U.S. health officials are sounding the alarm bells about Zika virus by appealing to Congress for nearly $2 billion to fight it now that cases of the mosquito-borne virus have shown up in more than 40 states.
Doctors from the Centers for Disease Control and Prevention and the National Institutes of Health made their appeal Monday in Washington, as officials acknowledge the disease linked to birth defects appears worse than previously thought, according to multiple reports.
President Obama is joining with the doctors in asking for the $1.9 billion in emergency funding to educate the public, develop vaccines, fight mosquitoes, and support babies affected by Zika, NBC News says. Officials have already acknowledged that the virus could spread farther north than previously thought.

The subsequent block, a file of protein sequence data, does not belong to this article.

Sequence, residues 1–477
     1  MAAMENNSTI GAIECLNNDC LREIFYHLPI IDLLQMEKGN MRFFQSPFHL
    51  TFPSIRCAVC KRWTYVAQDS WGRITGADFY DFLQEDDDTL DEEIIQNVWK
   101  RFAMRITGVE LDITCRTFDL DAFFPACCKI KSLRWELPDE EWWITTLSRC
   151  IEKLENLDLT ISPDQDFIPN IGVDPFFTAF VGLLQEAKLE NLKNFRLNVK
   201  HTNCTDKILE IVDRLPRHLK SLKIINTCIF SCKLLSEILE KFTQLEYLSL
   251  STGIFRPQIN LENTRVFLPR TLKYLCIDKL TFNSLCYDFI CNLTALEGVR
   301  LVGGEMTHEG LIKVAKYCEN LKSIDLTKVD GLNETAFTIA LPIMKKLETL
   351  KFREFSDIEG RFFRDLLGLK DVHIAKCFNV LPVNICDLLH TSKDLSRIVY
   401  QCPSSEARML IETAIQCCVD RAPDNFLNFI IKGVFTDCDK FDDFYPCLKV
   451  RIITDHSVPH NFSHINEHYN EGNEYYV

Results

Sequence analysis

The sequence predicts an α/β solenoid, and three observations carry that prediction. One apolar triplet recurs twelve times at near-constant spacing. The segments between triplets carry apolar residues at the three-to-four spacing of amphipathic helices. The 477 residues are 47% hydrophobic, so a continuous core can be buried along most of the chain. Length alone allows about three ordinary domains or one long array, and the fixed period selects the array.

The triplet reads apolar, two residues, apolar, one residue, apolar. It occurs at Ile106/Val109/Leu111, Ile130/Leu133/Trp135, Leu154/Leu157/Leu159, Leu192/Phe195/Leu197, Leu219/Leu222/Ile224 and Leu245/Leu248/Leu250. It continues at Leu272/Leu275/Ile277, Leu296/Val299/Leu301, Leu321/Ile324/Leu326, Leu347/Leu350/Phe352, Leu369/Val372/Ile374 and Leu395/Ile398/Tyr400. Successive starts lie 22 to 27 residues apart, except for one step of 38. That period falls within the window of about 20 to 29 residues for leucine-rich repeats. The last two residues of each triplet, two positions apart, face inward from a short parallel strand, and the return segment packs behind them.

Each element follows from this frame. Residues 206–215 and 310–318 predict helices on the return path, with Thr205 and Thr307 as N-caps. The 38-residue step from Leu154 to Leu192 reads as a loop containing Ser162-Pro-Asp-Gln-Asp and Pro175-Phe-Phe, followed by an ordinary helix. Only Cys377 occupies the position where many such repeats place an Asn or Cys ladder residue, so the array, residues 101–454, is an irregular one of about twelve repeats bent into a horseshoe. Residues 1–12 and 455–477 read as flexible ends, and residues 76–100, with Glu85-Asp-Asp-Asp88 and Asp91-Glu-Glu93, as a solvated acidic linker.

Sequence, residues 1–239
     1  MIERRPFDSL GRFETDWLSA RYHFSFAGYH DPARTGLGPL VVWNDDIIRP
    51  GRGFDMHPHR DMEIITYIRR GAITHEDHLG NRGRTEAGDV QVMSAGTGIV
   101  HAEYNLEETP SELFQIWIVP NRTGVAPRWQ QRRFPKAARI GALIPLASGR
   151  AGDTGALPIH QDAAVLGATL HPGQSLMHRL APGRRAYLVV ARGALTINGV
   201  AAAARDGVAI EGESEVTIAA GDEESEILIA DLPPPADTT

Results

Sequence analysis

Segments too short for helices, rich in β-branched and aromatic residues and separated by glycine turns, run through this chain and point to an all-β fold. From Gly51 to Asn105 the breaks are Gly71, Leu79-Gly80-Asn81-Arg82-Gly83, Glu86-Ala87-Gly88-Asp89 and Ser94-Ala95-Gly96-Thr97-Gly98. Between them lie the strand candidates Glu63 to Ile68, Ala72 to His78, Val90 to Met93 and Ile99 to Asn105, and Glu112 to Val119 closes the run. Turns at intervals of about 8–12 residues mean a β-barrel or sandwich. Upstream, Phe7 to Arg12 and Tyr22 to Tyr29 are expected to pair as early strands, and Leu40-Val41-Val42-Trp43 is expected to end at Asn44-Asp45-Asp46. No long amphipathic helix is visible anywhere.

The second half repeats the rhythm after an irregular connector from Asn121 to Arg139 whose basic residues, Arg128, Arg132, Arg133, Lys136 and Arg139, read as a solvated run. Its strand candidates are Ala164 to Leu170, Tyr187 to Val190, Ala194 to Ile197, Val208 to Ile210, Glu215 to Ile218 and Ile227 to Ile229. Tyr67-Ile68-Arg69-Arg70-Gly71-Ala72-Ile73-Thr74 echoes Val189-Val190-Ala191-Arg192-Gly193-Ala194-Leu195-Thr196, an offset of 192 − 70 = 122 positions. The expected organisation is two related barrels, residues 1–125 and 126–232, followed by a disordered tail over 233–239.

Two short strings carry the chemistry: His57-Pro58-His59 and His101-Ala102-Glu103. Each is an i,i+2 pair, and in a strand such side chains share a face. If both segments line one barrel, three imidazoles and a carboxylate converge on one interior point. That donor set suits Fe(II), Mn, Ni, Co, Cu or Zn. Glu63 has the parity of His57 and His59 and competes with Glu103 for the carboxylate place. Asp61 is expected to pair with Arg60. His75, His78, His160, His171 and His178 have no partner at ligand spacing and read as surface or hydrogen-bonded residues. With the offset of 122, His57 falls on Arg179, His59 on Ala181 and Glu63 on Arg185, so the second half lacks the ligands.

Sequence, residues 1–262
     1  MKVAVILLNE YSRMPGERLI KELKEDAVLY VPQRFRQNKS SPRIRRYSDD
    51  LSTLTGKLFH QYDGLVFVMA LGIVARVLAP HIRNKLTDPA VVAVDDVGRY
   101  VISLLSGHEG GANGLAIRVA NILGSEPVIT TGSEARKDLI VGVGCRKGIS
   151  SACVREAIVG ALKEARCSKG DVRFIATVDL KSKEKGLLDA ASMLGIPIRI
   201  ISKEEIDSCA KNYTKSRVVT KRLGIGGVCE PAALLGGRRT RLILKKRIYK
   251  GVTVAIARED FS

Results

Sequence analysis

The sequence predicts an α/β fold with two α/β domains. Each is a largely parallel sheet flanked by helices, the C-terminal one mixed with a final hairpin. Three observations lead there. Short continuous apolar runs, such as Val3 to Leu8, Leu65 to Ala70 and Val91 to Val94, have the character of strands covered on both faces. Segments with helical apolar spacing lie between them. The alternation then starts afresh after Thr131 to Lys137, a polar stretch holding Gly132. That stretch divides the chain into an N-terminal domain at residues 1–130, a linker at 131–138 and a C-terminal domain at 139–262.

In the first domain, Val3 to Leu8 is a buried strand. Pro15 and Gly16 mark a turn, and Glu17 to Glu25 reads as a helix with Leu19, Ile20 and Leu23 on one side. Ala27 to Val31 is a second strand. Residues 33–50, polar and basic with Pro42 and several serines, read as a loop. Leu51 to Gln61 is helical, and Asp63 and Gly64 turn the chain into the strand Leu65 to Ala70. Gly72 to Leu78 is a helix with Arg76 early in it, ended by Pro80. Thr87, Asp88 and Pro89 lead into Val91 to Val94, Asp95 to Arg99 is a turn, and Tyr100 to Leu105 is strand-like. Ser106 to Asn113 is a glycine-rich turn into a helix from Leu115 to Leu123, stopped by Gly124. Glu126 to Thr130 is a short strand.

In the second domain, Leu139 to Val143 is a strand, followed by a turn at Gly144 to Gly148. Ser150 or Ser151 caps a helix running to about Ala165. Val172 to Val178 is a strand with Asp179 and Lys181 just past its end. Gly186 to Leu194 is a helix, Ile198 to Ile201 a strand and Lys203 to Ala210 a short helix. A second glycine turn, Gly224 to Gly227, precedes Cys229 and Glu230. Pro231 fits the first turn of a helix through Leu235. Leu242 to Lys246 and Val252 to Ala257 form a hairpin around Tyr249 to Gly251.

"Everything we know about this virus seems to be scarier than we initially thought," Dr. Anne Schuchat, CDC's principal deputy director told NBC News. The virus, spread through mosquito bites, along with pregnancy, sexual contact and blood transfusions, is particularly dangerous to pregnant women and has been linked to brain and head abnormalities in babies.
As of April 6, 346 cases were reported in the United States, of which 55 were in New York, according to the CDC. The spread in the United States has been through travel, so far, but officials worry with warmer weather, mosquitoes spreading the disease will become more of a threat, NBC News says.
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